Collaborating Authors

Detecting socially interacting groups using f-formation: A survey of taxonomy, methods, datasets, applications, challenges, and future research directions Artificial Intelligence

Robots in our daily surroundings are increasing day by day. Their usability and acceptability largely depend on their explicit and implicit interaction capability with fellow human beings. As a result, social behavior is one of the most sought-after qualities that a robot can possess. However, there is no specific aspect and/or feature that defines socially acceptable behavior and it largely depends on the situation, application, and society. In this article, we investigate one such social behavior for collocated robots. Imagine a group of people is interacting with each other and we want to join the group. We as human beings do it in a socially acceptable manner, i.e., within the group, we do position ourselves in such a way that we can participate in the group activity without disturbing/obstructing anybody. To possess such a quality, first, a robot needs to determine the formation of the group and then determine a position for itself, which we humans do implicitly. The theory of f-formation can be utilized for this purpose. As the types of formations can be very diverse, detecting the social groups is not a trivial task. In this article, we provide a comprehensive survey of the existing work on social interaction and group detection using f-formation for robotics and other applications. We also put forward a novel holistic survey framework combining all the possible concerns and modules relevant to this problem. We define taxonomies based on methods, camera views, datasets, detection capabilities and scale, evaluation approaches, and application areas. We discuss certain open challenges and limitations in current literature along with possible future research directions based on this framework. In particular, we discuss the existing methods/techniques and their relative merits and demerits, applications, and provide a set of unsolved but relevant problems in this domain.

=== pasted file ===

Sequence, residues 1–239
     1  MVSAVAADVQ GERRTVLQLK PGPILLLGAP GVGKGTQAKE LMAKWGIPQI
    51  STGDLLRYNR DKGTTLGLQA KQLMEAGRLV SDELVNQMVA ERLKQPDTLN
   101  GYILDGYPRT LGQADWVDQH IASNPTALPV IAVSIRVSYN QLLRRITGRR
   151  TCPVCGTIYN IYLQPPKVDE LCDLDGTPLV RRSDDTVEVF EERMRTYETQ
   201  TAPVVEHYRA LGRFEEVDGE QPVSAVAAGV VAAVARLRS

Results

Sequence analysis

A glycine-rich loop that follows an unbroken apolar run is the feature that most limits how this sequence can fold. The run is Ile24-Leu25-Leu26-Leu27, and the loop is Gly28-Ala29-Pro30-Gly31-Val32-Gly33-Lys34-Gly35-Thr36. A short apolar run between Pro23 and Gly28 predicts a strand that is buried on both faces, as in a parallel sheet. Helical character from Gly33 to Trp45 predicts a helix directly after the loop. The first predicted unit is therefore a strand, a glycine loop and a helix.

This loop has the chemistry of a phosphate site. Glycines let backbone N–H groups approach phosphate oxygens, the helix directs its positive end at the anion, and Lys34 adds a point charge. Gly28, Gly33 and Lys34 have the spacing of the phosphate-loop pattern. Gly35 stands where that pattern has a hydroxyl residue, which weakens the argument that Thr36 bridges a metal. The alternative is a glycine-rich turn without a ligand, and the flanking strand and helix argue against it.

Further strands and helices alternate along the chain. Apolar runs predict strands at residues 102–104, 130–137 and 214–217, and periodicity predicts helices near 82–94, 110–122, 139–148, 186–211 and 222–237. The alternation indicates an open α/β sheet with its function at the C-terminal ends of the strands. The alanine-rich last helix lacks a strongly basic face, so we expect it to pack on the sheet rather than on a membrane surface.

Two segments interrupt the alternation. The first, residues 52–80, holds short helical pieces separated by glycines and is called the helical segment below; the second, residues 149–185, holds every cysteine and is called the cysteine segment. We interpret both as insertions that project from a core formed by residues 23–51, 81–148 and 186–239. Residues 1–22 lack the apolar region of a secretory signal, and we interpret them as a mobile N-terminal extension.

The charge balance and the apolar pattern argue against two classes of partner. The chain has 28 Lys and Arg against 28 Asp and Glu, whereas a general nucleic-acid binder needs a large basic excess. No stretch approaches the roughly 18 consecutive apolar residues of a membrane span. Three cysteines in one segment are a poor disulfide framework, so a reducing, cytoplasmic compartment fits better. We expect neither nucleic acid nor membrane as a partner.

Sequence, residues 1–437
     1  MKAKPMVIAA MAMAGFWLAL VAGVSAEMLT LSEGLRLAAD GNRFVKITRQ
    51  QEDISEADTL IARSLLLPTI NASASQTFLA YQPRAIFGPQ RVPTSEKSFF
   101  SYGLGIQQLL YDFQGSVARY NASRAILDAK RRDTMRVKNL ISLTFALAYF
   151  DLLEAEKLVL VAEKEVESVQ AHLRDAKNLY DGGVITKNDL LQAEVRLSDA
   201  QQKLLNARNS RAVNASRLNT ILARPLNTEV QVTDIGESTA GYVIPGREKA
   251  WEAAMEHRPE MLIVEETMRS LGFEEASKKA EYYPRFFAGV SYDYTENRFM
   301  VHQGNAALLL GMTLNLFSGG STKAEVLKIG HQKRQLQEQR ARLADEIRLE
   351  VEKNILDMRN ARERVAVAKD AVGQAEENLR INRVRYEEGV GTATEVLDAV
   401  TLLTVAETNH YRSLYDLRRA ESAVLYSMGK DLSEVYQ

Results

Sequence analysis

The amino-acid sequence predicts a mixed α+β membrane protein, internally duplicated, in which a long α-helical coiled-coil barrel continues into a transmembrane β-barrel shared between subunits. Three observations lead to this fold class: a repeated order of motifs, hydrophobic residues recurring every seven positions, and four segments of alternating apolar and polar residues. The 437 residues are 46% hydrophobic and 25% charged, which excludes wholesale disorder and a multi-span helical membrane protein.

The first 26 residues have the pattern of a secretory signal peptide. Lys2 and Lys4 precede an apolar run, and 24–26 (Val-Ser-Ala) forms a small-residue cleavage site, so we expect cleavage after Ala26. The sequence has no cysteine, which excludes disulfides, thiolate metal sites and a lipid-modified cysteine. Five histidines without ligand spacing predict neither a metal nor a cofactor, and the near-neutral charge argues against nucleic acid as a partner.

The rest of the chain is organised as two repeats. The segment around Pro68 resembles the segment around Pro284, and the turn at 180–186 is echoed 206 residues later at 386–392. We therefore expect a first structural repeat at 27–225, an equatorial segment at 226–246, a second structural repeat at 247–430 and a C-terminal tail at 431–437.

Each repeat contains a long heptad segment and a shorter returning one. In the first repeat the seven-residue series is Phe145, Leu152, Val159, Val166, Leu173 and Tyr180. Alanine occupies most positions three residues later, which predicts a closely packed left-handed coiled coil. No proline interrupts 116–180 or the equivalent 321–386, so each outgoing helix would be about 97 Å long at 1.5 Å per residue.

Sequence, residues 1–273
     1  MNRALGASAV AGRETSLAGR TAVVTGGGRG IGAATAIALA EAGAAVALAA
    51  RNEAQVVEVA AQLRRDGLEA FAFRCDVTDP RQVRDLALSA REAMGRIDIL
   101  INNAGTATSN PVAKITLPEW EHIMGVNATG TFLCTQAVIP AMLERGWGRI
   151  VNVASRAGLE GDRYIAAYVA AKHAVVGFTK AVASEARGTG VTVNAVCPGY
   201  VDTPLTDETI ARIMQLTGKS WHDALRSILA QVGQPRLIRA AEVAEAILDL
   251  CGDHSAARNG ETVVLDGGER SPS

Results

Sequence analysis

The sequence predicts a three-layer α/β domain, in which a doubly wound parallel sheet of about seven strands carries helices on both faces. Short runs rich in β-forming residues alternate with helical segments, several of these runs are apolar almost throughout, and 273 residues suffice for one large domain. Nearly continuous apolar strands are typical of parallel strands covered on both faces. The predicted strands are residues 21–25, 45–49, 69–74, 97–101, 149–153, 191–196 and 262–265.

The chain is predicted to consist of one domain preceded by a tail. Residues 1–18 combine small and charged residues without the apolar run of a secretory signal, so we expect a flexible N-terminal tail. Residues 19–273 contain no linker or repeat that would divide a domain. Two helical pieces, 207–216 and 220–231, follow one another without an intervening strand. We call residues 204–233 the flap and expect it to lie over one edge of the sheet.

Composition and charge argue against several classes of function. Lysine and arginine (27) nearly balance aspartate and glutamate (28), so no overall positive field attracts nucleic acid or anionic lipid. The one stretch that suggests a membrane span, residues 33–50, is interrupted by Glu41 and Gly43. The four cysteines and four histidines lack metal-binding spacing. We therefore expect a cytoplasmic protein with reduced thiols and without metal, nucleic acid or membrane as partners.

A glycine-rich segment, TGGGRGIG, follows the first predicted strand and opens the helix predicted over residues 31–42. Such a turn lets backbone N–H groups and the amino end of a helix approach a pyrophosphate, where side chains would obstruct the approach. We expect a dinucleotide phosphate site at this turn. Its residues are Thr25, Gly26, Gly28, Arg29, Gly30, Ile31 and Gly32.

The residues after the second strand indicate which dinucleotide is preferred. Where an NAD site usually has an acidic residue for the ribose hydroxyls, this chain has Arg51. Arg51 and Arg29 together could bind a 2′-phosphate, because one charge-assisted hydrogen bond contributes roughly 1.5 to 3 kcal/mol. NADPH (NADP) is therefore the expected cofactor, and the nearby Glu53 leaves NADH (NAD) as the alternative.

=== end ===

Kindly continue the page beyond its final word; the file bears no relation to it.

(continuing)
Lio -- A Personal Robot Assistant for Human-Robot Interaction and Care Applications Artificial Intelligence

Lio is a mobile robot platform with a multi-functional arm explicitly designed for human-robot interaction and personal care assistant tasks. The robot has already been deployed in several health care facilities, where it is functioning autonomously, assisting staff and patients on an everyday basis. Lio is intrinsically safe by having full coverage in soft artificial-leather material as well as having collision detection, limited speed and forces. Furthermore, the robot has a compliant motion controller. A combination of visual, audio, laser, ultrasound and mechanical sensors are used for safe navigation and environment understanding. The ROS-enabled setup allows researchers to access raw sensor data as well as have direct control of the robot. The friendly appearance of Lio has resulted in the robot being well accepted by health care staff and patients. Fully autonomous operation is made possible by a flexible decision engine, autonomous navigation and automatic recharging. Combined with time-scheduled task triggers, this allows Lio to operate throughout the day, with a battery life of up to 8 hours and recharging during idle times. A combination of powerful on-board computing units provides enough processing power to deploy artificial intelligence and deep learning-based solutions on-board the robot without the need to send any sensitive data to cloud services, guaranteeing compliance with privacy requirements. During the COVID-19 pandemic, Lio was rapidly adjusted to perform additional functionality like disinfection and remote elevated body temperature detection. It complies with ISO13482 - Safety requirements for personal care robots, meaning it can be directly tested and deployed in care facilities.